Caroline Flack told police she would kill herself after she allegedly assaulted her boyfriend in December.
The TV presenter was found dead at the age of 40 at her home in east London on Saturday, after taking her own life.
Flack, who was described as "vulnerable" by her management, had pleaded not guilty to assaulting her boyfriend Lewis Burton at her former flat in north London in a court hearing in December.
The trial at Highbury Corner Magistrates' Court heard that, in the aftermath of the alleged incident, Flack told police "I did it" and then warned she would kill herself.
Flack was arrested and charged with assault by beating after police were called to her flat in Islington on December 12.
The Metropolitan Police declined to comment, although further detail may emerge at an inquest.
Flack stepped down from presenting the current winter series of Love Island after the alleged assault.
The ITV programme did not air on Sunday night, but will be back on Monday with a tribute to Flack.
An ITV spokeswoman said: "Many people at ITV knew Caroline well and held her in great affection.
"All of us are absolutely devastated at this tragic news.
"After careful consultation between Caroline's representatives and the Love Island production team and given how close we still are to the news of Caroline's tragic death we have decided not to broadcast tonight's Love Island out of respect for Caroline's family.
"Love Island will return tomorrow night which will include a tribute to Caroline who will be forever in our hearts."
Ambulance crews were called on Friday night to a property in Clapton, north east London, where Flack was thought to have recently moved – but a London Ambulance Service spokesman refused to confirm or deny reports the paramedics attended her flat.
An LAS statement said: "We were called shortly after 10.30pm on 14 February to a residential property on Northwold Road, N16.
"Crews attended and, following a clinical assessment, the person was not taken to hospital. Due to patient confidentiality we cannot comment further."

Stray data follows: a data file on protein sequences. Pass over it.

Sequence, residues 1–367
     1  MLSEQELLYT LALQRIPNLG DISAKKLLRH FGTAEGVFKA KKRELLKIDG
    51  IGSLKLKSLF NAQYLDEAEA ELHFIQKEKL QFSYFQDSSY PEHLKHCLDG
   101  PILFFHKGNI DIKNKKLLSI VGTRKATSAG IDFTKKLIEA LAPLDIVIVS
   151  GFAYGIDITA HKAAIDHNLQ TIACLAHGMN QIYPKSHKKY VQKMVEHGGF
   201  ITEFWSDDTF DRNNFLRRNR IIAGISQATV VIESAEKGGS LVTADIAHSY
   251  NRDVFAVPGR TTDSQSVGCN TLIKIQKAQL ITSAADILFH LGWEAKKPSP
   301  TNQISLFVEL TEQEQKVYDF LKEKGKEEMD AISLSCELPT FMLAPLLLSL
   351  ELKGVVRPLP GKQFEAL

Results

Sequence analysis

The LAS also said crews were called to Northwold Road at 2.30pm on Saturday, adding that "a person was pronounced dead at the scene", but would not comment on whether the two incidents were linked.
The shock news prompted a flood of tributes from celebrities. But it also brought questions about the decision to persist with prosecuting Flack for the alleged assault on her boyfriend, and about the pressures faced by TV celebrities from the press and social media.
Her management company criticised the Crown Prosecution Service (CPS) for pressing ahead with what it called her "show trial" even after her boyfriend said he did not support it.
By Sunday evening, an online petition calling for a Government inquiry into "the practices and policies of mainstream media organisations and social media platforms in their efforts to protect members of the public from harm" had more than 200,000 signatures.
The tragedy has put the spotlight back on the pressures which come with TV celebrity.
Flack is the fourth person linked to the ITV2 dating programme to have killed themselves.
Sophie Gradon, who was a contestant in 2016, was found dead at her home in 2018 at the age of 32.
Her boyfriend Aaron Armstrong, who had found her body, killed himself three weeks later. He was 25.
Mike Thalassitis, who appeared in the 2017 series, was 26 when he was found dead in a park in March last year.
Shadow Culture Secretary Tracy Brabin told the BBC Radio 4 Westminster Hour: "There's been a lot of blame-gaming, people blaming ITV, people blaming the press.
"This is why the Labour Party were pressing for Leveson 2, because it does feel like after everything that we went through we still are back at that place again where celebrities are being hounded by particular news outlets and their private life is being splashed across the front pages.
"I do think it's important that we press social media but also newspapers don't get away with it either."